But in the past few years, a handful of randomised controlled trials have been published showing that some carefully designed sex education programmes do appear to work. One of the most effective is the Carrera Adolescent Pregnancy Prevention Program, aimed at 13 to 15-year-olds in a poor area of New York (Perspectives on Sexual and Reproductive Health, vol 34, p 244). Abstinence is mentioned during the programme, but most of the emphasis is on contraception. A three-year study showed that the pregnancy rate of teenage girls who took the programme was less than half the rate of those who didn't. Analysis showed this was due to both greater condom use and delayed onset of sex.
Why should these programmes be any different? As well as lasting longer, they were, says Kirby, "interactive and personalised, not just abstract facts". The Carrera programme, for example, not only covered sexual behaviour, it tackled the social disadvantages that lead to teenage pregnancy. Along with information on and free access to contraceptives, it involved intensive youth work such as sports, job clubs and homework help.
Most UK sex education programmes seem half-hearted in comparison, providing the bare biological facts, perhaps alongside a demonstration of how to put a condom on a cucumber. "It's something I feel quite angry about," says Michael Adler, a former STD physician at University College London Hospital. In his job he saw many casualties of unsafe sex. "We're failing young people right at the beginning," he says.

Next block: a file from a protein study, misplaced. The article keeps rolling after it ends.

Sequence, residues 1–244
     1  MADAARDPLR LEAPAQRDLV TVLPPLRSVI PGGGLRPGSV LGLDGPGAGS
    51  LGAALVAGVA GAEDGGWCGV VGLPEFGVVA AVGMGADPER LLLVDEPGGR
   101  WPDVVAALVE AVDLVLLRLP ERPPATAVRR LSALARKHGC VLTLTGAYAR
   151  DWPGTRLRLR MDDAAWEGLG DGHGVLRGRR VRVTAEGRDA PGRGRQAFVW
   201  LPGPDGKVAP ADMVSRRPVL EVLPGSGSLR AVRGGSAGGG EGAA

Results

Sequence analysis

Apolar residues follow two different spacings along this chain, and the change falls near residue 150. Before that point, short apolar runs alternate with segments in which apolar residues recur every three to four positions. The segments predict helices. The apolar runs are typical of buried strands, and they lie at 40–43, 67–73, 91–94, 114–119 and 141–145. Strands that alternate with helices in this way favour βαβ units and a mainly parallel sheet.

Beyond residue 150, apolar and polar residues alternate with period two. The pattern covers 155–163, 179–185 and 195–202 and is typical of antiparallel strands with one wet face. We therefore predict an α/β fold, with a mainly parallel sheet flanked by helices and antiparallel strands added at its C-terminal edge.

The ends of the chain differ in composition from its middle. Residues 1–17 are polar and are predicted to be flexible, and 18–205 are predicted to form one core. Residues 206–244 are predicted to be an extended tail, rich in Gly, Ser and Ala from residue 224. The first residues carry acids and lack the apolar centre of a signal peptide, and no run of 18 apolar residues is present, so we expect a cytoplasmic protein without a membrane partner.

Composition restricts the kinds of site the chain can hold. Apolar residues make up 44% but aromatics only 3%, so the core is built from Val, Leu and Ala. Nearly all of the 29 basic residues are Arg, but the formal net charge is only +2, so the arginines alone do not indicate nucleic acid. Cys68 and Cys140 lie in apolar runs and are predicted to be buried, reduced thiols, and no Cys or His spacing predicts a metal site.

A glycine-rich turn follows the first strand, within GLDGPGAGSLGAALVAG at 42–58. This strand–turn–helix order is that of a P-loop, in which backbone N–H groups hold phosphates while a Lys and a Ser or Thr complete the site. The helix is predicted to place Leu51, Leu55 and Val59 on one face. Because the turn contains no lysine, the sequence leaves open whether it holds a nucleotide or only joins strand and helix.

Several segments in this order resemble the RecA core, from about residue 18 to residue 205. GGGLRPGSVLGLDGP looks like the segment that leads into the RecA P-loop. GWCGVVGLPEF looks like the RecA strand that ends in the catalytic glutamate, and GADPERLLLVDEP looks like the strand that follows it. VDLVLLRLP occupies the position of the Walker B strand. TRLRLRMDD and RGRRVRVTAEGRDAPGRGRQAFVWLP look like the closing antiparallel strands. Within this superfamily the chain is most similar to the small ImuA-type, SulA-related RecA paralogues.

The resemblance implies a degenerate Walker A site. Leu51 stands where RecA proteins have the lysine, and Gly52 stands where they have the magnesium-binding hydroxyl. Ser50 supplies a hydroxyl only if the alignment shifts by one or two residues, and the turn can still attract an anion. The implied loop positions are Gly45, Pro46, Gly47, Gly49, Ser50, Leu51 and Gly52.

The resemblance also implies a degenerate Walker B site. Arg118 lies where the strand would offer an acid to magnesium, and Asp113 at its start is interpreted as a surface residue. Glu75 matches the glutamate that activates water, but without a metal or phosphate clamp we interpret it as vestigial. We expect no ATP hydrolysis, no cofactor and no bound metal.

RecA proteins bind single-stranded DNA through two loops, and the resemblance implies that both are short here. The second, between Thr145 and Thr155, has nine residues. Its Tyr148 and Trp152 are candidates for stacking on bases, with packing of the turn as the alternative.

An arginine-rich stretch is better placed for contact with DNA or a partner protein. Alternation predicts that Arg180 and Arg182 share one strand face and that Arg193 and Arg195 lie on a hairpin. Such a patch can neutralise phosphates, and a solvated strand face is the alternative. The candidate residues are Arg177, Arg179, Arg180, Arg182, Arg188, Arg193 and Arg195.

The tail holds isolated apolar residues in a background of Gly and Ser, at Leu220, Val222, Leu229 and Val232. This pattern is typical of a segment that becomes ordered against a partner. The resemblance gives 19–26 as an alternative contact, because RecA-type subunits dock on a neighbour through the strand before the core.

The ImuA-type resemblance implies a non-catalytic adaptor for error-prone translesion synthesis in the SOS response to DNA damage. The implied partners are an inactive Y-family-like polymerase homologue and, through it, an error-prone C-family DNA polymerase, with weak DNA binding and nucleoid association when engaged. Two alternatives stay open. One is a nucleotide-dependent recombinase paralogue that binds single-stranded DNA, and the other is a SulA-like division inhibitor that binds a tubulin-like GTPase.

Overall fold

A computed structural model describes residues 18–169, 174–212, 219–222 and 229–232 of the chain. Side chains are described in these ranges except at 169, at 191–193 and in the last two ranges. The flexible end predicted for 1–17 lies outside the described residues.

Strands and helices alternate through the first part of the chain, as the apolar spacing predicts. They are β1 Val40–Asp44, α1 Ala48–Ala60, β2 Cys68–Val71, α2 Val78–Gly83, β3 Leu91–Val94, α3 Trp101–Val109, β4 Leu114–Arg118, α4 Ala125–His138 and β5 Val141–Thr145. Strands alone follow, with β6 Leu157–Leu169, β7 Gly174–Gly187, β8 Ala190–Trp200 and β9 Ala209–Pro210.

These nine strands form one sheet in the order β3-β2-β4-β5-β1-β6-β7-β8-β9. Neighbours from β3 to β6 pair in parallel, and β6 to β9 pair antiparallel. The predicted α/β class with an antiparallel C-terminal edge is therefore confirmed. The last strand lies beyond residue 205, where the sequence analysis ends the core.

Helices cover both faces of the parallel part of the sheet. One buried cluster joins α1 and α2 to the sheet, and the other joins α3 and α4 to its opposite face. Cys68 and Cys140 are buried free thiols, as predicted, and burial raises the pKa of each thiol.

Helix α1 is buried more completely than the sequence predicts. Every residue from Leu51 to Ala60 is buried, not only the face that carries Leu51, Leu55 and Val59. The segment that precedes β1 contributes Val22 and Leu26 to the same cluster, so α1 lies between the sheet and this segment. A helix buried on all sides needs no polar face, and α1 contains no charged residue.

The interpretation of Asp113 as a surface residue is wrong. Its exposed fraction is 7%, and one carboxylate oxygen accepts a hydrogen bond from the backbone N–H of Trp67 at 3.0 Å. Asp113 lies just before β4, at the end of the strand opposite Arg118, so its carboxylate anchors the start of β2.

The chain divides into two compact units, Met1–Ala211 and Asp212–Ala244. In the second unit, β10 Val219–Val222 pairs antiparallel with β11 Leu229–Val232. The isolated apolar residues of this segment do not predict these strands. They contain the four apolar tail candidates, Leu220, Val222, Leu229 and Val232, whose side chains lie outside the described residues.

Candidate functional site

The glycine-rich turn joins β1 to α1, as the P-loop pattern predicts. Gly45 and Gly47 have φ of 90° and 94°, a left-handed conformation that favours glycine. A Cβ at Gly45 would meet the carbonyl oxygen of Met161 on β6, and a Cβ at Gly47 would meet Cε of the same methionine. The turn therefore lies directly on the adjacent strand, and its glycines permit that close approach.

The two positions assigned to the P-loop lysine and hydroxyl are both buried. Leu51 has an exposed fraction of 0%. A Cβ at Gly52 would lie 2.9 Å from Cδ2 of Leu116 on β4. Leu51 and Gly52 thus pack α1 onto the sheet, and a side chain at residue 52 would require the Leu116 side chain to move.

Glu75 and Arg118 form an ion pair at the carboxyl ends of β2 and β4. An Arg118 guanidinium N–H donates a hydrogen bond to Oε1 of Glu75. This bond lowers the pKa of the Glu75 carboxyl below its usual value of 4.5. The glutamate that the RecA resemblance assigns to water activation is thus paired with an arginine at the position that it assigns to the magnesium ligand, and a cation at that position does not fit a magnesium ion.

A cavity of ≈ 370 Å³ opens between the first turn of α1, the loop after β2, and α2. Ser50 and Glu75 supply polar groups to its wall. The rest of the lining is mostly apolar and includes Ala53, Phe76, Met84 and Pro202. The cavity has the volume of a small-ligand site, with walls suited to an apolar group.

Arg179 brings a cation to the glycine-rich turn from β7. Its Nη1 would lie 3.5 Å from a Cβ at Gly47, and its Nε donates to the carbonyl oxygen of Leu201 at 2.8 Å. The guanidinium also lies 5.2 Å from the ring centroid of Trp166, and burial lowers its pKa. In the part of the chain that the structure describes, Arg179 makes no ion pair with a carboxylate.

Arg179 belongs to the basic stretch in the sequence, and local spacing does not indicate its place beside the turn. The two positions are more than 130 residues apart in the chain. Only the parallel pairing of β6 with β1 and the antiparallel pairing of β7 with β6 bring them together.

Unfortunately policy makers have recently lost a good source of information about what works and what doesn't. The US Centers for Disease Control and Prevention (CDC) in Atlanta, Georgia, commissioned a panel of external experts to carry out a rigorous review of various sex education programmes. The panel identified five strategies that were successful in reducing the rate of teenage pregnancy, all based on comprehensive sex education, and the details were posted on the organisation's website. But in 2002 that information disappeared and the CDC will no longer release it.
According to the CDC press office, the review programme is being "re-evaluated". But sceptics fear it has been dumped because its conclusions don't fit with the Bush's administration's views. "They were inconsistent with the ideology to which this administration adheres," says Bill Smith of the Sexuality Information and Education Council of the United States, a liberal sex education advocacy group based in New York.